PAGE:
15 Oct 2018

Kererū wins Bird of the Year

9:46 am on 15 October 2018

The kererū has swooped to victory in the Bird of the Year competition for the first time.

Photo from - Otari-Wilton's Bush 2012 Photo Competition held by WCC

The kererū held on to its early lead to take the bird of the year title. Photo: WCC / Jan Kench

Amassing 5833 votes, the wood pigeon held on to its early lead despite strong challenges from the kākāpō and the kakī.

The kākāpō was runner up with 3772 votes and the kakī (black stilt) came in third with 2995 votes.

Watch Forest & Bird's Megan Hubscher announcing the winner on Morning Report:

The kererū population is classed as stable overall, but it is in danger of becoming locally extinct in some areas where there has not been sustained predator control.

The fate of many forests is linked to that of the kererū, as it is the only native bird big enough to swallow and disperse the large fruit of karaka, miro, tawa and taraire, competition organiser Forest & Bird says.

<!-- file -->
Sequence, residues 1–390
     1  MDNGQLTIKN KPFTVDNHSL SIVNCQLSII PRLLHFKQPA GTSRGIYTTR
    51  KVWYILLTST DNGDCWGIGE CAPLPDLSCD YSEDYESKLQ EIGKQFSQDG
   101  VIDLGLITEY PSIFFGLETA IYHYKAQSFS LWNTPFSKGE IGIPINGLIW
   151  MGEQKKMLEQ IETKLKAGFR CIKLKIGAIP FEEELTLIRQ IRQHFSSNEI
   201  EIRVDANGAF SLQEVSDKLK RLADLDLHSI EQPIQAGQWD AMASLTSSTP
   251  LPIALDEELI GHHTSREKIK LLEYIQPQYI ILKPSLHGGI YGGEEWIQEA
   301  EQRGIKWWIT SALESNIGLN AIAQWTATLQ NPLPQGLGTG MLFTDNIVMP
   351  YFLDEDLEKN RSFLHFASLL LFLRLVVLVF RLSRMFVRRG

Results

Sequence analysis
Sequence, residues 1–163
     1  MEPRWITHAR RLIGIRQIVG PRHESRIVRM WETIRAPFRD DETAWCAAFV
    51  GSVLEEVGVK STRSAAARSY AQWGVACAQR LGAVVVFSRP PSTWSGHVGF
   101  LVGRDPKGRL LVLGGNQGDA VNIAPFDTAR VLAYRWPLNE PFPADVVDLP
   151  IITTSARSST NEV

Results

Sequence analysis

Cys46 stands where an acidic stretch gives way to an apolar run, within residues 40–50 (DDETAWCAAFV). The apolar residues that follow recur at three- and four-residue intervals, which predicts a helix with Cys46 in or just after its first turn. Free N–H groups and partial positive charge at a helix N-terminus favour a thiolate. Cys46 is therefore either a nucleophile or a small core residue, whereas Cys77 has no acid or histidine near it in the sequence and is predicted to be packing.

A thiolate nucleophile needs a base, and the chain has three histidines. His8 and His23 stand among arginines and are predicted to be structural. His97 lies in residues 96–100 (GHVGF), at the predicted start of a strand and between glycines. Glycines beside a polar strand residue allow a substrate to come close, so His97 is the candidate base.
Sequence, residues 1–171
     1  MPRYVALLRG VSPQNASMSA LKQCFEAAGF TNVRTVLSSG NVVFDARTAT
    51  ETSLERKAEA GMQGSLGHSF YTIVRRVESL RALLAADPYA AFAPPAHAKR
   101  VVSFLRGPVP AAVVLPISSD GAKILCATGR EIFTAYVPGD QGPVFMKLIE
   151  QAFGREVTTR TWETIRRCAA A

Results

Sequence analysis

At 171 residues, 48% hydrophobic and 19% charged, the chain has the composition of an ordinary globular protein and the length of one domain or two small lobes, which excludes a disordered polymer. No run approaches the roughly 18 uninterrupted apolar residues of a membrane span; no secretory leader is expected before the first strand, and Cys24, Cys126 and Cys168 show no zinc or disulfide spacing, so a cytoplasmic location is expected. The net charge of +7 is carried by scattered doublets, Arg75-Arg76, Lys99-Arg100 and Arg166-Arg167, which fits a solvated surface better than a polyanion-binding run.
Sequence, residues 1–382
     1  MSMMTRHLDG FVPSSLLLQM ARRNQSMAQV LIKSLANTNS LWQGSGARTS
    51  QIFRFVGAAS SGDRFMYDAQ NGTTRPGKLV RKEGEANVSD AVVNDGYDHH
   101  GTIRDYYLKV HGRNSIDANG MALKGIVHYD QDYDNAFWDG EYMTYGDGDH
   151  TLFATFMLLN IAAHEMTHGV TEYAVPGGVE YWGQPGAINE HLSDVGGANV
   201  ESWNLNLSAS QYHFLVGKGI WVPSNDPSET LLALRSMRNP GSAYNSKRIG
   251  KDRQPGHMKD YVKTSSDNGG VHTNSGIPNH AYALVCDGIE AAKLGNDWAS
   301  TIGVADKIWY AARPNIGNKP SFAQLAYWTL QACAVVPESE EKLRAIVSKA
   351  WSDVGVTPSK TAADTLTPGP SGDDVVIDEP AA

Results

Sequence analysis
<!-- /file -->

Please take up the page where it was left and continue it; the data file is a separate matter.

Team Kererū campaigners, who included Green MP Chlöe Swarbrick, focused on the bird's size and appetite, sparking some online rivalry over which native bird is the roundest.

The competition prompted celebrity endorsements from Stephen Fry for the kākāpō, and from comedian Bill Bailey for the takahē.

Bird of the Year also featured on Tinder for the first time, with Shelly the kakī (black stilt) attracting 500 matches across New Zealand.

This year's contest wasn't immune to a bit of attempted foul play, with Forest and Bird discounting some last minute fake votes for the kakī (black stilt). IP addresses in Australia had sent through over 300 votes for the shag, and then over 1500 for the kakī.

This year was the competition's most popular yet. It attracted over 48,000 votes, up from 41,000 in 2017.

Last year's winner was the kea, and previous titleholders include the fairy tern and mōhua.

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